Cancer control programs often don't address radon concerns

August 15, 2013
Cancer control programs often don't address radon concerns
Fewer than half of the National Comprehensive Cancer Control Program plans address radon-related activities, according to a study published in the Aug. 8 issue of the U.S. Centers for Disease Control and Prevention's Preventing Chronic Disease.

(HealthDay)—Fewer than half of the National Comprehensive Cancer Control Program plans address radon-related activities, according to a study published in the Aug. 8 issue of the U.S. Centers for Disease Control and Prevention's Preventing Chronic Disease.

Antonio Neri, M.D., from the CDC in Atlanta, and colleagues reviewed 65 cancer plans created from 2005 to 2011 and categorized their radon-related activities as radon awareness, home testing, remediation, supporting radon policy activities, or policy evaluation. Alignment with existing radon-specific policies in each state was assessed.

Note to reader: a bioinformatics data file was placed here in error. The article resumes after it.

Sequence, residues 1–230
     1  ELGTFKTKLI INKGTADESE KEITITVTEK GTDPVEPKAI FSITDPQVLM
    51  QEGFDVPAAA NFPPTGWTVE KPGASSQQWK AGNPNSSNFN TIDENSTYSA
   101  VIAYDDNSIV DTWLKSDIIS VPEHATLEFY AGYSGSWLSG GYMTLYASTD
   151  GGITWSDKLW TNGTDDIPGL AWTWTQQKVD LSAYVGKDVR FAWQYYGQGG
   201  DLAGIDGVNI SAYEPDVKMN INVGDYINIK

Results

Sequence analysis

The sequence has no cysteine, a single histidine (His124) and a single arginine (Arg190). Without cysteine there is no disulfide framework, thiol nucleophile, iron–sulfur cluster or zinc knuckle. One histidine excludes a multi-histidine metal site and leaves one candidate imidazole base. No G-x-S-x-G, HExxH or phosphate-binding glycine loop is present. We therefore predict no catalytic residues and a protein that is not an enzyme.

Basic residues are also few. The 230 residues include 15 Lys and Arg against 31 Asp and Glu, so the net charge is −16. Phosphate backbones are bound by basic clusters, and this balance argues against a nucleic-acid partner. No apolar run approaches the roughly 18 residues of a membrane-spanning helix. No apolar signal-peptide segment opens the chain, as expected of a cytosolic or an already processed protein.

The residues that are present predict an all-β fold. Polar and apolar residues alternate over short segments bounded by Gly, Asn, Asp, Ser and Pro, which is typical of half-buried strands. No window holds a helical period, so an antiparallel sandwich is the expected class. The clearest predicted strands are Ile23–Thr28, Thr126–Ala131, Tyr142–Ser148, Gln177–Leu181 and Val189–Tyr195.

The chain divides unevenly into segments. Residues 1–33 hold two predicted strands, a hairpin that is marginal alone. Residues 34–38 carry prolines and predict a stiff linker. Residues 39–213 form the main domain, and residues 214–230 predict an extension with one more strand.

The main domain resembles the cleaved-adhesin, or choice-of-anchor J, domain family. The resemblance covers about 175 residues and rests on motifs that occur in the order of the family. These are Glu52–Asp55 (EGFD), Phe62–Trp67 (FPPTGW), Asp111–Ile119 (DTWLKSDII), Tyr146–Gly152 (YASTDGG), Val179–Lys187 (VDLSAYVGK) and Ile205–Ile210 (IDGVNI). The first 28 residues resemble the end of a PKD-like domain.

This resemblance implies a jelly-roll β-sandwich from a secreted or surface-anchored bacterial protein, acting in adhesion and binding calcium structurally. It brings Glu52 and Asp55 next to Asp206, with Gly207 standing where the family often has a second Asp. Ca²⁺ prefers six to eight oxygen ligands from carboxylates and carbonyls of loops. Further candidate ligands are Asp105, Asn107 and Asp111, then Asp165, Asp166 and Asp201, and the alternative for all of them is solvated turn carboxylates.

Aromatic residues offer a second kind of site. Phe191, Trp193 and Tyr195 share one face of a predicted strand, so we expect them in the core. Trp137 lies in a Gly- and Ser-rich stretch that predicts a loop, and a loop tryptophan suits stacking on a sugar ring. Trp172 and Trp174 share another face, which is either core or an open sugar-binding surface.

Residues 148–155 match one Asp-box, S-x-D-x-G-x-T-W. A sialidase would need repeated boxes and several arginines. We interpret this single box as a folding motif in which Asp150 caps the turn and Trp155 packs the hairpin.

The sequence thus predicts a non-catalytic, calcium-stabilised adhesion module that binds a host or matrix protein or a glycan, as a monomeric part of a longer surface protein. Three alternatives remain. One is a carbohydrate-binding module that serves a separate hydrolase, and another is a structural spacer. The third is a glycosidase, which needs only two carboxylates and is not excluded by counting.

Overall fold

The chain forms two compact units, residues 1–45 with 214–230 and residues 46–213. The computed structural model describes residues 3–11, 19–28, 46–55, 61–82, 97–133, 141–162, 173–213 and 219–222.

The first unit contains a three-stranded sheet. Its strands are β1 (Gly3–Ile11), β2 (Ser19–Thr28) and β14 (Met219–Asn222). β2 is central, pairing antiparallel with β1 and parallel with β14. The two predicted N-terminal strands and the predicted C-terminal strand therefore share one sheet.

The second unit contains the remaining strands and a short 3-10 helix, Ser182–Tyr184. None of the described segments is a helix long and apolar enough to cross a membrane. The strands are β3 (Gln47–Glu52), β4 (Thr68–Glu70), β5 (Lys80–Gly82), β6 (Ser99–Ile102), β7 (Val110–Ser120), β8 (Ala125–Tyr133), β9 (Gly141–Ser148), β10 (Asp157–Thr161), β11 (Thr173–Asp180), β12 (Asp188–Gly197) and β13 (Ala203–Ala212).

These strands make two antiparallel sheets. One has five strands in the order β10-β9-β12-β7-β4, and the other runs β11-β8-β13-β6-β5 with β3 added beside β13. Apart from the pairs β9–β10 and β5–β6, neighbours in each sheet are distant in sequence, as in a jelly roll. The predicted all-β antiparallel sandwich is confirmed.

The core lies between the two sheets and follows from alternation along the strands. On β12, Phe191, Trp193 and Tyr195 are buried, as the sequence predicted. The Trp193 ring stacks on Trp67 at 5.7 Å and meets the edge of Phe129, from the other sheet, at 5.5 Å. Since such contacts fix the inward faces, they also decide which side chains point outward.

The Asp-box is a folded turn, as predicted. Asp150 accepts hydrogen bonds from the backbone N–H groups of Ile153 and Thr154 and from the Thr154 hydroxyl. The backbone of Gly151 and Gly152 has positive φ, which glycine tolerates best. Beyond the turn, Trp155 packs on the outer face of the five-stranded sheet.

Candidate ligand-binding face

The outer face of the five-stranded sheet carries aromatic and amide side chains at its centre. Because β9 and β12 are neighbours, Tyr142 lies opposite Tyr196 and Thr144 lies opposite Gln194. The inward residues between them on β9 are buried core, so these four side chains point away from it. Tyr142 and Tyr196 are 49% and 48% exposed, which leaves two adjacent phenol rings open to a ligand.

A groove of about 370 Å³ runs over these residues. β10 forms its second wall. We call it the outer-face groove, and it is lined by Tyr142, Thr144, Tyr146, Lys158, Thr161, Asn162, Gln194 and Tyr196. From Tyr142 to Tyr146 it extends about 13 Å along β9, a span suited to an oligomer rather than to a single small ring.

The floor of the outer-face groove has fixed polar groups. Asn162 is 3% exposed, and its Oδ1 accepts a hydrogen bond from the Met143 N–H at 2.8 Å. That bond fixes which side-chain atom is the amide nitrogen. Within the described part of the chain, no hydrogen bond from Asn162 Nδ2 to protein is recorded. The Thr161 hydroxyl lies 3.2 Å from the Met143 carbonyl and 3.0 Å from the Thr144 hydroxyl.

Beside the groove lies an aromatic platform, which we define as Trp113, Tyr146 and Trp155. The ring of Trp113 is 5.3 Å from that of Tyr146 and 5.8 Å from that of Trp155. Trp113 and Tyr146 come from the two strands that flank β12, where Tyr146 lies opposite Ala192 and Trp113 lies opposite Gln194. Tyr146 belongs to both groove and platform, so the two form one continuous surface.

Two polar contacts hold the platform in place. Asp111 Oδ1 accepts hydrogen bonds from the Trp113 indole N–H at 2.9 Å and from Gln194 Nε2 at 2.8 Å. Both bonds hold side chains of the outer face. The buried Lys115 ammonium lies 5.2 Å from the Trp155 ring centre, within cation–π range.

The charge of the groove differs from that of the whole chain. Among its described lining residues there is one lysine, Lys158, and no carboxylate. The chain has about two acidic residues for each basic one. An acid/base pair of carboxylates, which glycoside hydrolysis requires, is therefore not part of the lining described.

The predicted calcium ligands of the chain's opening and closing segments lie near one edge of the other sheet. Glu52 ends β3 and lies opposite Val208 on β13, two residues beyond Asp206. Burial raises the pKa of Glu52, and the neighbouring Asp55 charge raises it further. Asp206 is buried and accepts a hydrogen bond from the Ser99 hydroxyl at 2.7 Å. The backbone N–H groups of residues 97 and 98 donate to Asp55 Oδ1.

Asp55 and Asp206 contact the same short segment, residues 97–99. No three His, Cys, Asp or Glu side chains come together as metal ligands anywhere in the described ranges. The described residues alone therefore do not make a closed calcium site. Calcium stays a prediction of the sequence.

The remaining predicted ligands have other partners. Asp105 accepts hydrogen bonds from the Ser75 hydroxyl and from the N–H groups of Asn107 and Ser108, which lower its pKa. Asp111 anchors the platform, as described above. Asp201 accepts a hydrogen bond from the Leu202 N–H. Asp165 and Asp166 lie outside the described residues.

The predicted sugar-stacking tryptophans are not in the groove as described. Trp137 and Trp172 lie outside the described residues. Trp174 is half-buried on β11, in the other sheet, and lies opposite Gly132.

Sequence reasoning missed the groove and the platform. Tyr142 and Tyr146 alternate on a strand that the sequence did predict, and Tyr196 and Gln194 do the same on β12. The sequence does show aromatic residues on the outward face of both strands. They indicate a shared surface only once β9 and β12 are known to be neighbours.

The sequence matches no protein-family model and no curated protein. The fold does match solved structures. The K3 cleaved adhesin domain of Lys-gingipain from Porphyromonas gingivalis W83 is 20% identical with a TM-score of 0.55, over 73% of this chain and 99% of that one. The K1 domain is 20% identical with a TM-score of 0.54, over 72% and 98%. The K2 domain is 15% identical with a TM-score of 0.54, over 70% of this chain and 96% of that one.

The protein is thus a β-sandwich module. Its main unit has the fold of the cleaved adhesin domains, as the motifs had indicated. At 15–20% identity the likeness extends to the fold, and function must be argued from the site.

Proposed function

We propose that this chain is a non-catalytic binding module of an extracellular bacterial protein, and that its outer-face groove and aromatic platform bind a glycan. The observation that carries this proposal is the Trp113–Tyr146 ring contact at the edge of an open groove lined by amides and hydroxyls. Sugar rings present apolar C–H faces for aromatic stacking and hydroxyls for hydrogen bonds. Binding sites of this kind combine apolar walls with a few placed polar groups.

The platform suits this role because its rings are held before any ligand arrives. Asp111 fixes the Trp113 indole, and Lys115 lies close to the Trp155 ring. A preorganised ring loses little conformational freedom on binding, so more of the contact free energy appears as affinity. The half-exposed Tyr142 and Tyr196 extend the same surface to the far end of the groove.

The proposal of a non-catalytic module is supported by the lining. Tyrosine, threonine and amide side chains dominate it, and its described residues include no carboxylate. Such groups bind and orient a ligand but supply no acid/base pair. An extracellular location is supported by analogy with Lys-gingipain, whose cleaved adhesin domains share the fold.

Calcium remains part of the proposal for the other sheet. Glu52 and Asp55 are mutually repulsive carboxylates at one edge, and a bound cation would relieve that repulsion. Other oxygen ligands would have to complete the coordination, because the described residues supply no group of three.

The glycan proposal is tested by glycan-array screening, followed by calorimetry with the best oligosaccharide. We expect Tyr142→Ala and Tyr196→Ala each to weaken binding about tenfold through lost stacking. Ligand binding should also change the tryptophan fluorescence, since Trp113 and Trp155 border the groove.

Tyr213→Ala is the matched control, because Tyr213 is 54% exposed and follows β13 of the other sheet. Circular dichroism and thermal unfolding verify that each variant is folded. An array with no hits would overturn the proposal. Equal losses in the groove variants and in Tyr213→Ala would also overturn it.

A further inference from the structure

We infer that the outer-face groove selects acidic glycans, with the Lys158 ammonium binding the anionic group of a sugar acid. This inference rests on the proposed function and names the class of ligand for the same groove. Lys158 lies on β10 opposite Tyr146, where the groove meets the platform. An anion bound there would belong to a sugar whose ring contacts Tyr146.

The researchers found that 42 percent of the plans reviewed had radon-specific terminology. All 27 of these plans included improving radon awareness; home testing was included in 21; remediation in 11; support for radon policy activities in 13; and one included policy evaluation. Current engagement in radon activities was noted in three plans. Radon-specific laws were present in 30 states with most (21) related to radon professional licensure. Cancer plan activities were aligned with existing state radon laws in 11 states.

"Although several states have radon-specific policies, approximately half of cancer coalitions may not be aware of radon as a public health issue," the authors write. "Comprehensive Cancer Control-developed cancer coalitions and plans should prioritize to address but should consider addressing radon through partnership with existing radon control programs."

Explore further: Suggested link between radon and skin cancer

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